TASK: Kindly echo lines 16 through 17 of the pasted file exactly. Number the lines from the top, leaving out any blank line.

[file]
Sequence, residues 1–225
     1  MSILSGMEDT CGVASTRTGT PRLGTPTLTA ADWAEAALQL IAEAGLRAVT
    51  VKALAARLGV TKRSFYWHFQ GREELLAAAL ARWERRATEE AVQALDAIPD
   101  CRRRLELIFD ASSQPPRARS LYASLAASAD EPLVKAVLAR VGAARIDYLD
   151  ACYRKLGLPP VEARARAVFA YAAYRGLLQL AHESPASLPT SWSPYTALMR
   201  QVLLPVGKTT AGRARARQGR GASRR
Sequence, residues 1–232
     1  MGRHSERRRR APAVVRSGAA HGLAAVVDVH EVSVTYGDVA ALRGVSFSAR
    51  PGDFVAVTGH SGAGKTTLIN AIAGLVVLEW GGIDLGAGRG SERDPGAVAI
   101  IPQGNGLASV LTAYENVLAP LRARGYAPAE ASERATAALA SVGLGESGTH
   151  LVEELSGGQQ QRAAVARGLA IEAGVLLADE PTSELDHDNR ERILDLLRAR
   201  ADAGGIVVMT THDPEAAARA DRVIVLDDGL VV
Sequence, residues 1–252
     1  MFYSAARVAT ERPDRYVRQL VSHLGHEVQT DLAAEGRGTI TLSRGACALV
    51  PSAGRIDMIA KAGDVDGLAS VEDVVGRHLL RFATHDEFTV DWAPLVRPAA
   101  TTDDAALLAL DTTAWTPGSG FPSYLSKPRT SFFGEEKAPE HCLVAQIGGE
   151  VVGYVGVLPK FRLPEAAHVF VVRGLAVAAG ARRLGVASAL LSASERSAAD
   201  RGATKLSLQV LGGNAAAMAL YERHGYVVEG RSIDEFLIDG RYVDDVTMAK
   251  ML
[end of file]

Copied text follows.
   101  TTDDAALLAL DTTAWTPGSG FPSYLSKPRT SFFGEEKAPE HCLVAQIGGE
   151  VVGYVGVLPK FRLPEAAHVF VVRGLAVAAG ARRLGVASAL LSASERSAAD